Saturday, 29 November 2014

Older Movie Review: Black Narcissus

Black Narcissus Movie Review
Lewis Maddison

Figure 1: Black Narcissus Poster

Black Narcissus (1947) is a Michael Powell movie that takes Rumer Goddens Novel and deliberately courts controversy through it's interpretations of the Nun's and how they are effected by the new world that they find themselves in."Michael Powell was right when he called Black Narcissus an "erotic film," but the attraction is pure Pygmalionism"(Lathier, 2012) Each Nun in this movie is shown in a different light throughout the story, the main character being Sister Clodagh, as woman who starts of the story very reserved and restricted in the way she acts and interacts with the other Nuns and the male actor's. Portrayed by beautifully by Deborah Kerr, Sister Clodagh is given a large amount of character development throughout the film as we see her go from a faithful sister of the church to someone who begins to question her faith and the way she is living her life. The other Nun that gets a huge amount of development is Sister Ruth, a character that is only mentioned for the first half an hour of the movie. When she first shows up we are shown her helpful nature but are also given hints to the issue's that she will be encountering later on in the film through her reaction to the interest that Mr: Dean, played by David Farrar, take's in her.

Figure 2: Sister Ruth covered in blood. 
The movie follows the events of a group of Nun's who are sent to a remote part of the Himalayas to educate and take care of the villagers in the area. Right from the start of the film we are given an interpretation of the controversial nature of both the novel and the screen adaptation. The building they are inhabiting used to be a place where the previous general kept his female "acquaintances" both of the slave and personal variety. This is place is a huge departure from the innocent nature of the nunnery in England that these characters come from. Going from a place of purity to an environment that is much more free and with a history of sin in the eyes of the church. The environment itself is incredibly liberating in this sense. High above the ground, the Nuns are incredibly isolated, far away from people who share the same ideals as they do, they are exposed to the things that they are sworn to leave behind such as freedom , freedom to be themselves and express their emotions in ways that the church will not allow them.

The most important character for this change is Sister Ruth. At the start of the film she is already starting to give into the environment and the freedom that it is creating, when she encounters Mr Dean for the first time and is shown some kind of gratitude, something she didn't get from any of the other Nun's, her character begins to change, she starts to question her life as a sister of the church and her faith, leading to the end of the film where she become's completely liberated, going mad in the process. Ruth at the end of the film has completely embraced her emotions, whereas Nun's like Clodagh are still slaves to their faith, although this could be the reason why they are still alive in the end. The faith that Ruth had tried to abide by her entire life eventually ended her life, what's to say that it wouldn't do that to the other's had they not fought back as hard as they did. It's an interesting idea to think about. Is there faith keeping them on this planet or is it hindering them from expressing themselves as much as they should.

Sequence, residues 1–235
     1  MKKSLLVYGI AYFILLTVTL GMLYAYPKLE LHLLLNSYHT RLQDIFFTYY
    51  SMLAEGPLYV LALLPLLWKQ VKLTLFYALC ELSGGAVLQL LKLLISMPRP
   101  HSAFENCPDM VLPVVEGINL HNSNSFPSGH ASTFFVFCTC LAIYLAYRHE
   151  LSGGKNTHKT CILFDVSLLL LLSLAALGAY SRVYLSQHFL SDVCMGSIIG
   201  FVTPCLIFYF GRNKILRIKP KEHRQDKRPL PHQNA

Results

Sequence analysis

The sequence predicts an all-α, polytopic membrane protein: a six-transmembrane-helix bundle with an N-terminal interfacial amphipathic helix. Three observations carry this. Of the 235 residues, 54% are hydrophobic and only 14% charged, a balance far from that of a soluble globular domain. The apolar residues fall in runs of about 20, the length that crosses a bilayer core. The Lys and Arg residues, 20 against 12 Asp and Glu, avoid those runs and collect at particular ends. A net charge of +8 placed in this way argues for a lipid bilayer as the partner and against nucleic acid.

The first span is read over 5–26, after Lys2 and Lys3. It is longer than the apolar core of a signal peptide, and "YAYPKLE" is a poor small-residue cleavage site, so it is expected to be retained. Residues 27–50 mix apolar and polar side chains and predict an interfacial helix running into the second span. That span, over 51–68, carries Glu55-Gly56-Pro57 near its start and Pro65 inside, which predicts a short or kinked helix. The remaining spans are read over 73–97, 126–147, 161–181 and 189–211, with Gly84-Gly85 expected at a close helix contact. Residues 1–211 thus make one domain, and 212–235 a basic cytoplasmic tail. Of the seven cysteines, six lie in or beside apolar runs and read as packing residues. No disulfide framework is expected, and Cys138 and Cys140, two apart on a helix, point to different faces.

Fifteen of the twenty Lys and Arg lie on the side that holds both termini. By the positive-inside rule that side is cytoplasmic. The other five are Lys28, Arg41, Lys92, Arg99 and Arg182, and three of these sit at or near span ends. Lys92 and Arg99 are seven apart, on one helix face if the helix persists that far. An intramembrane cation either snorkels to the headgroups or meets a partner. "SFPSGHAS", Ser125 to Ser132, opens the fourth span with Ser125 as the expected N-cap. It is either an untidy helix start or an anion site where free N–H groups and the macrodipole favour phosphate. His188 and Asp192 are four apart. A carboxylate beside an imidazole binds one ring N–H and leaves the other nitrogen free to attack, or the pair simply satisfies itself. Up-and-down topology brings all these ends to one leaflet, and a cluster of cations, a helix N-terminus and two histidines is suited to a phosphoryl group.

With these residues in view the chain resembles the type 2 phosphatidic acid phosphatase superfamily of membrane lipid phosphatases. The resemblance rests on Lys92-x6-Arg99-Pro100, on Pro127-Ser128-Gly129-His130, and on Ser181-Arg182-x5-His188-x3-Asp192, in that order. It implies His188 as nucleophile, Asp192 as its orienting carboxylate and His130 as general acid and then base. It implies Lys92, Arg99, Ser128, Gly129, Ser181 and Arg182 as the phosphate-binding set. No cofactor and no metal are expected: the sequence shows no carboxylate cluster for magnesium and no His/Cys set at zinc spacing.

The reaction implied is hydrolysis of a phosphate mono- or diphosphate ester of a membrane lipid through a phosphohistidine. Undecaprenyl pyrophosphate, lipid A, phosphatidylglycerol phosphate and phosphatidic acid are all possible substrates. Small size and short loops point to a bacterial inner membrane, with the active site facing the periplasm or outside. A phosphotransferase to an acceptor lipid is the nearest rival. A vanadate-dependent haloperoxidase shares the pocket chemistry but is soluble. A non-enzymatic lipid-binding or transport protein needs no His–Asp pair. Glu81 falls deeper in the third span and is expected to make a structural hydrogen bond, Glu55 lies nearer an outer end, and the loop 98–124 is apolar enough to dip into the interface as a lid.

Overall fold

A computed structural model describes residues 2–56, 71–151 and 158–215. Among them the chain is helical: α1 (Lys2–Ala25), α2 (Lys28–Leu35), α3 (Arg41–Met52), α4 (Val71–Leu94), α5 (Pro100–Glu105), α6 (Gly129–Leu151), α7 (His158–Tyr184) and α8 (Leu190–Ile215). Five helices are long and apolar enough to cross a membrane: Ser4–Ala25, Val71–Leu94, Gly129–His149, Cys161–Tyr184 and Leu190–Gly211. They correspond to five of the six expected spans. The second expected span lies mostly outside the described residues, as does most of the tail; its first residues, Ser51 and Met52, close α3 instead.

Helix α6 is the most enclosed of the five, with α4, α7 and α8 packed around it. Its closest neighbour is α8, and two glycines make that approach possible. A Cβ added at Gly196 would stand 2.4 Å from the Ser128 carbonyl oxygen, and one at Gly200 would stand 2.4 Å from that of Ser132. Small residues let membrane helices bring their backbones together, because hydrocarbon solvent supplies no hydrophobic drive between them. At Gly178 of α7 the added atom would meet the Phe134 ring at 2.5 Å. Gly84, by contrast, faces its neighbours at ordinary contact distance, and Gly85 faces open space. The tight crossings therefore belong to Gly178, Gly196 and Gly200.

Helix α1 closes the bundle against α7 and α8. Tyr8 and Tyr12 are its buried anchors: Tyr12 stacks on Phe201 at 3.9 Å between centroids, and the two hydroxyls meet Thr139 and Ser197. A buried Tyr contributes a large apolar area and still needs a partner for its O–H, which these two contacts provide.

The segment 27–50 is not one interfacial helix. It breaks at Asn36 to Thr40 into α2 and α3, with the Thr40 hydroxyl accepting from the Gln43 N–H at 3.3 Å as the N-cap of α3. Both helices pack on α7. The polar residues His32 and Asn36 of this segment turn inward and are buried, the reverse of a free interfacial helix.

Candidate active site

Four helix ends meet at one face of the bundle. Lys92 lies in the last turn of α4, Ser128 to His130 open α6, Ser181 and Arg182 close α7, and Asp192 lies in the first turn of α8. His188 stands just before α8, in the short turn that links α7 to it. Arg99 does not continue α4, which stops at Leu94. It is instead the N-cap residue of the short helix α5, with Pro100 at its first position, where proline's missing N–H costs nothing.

Figure 3: Sister Ruth Succumbs to madness. 

The production design of this movie is one of the most important aspect's in showing the way the character's change throughout the story."While the thematic elements of desire and the constant battle between the spirit and the flesh are intricate elements of Black Narcissus, the film will probably be best remembered for its impressive visuals."(Kendrik, 2001) In the beginning the colours of the environment are very muted, showing the restrictions that have been placed on these women however throughout the film the colour red starts to seep in more and more. A colour that personifies life and anger, vividly shown in the red lipstick that Sister Ruth seductively puts in one of the most tense scene's in the film and the dress that she wears during her madness at the end of the film.

This film is a masterpiece in showing the way that people can be affected by their faith and how being a new environment can change them,the way the characters change throughout the film and the underlying issues that the story is trying to convey."The cinematography of Narcissus -- notably an ending that must have stuck in Hitchcock's mind for decades -- is to die for" I highly recommend this film as someone who likes movies that question people's beliefs and how they restrict us both physically and emotionally. 


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Joseph Jon Lanthier,, Slant Magazine, 2012)

Christopher Null,, Offcreen, 2001

James Kendrick,, QNetwork, 2001)

1 comment:

  1. Hi Lewis,

    You have made some interesting observations here - well done :)
    See my comment on 'Alien' re referencing and setting the bibliography out correctly.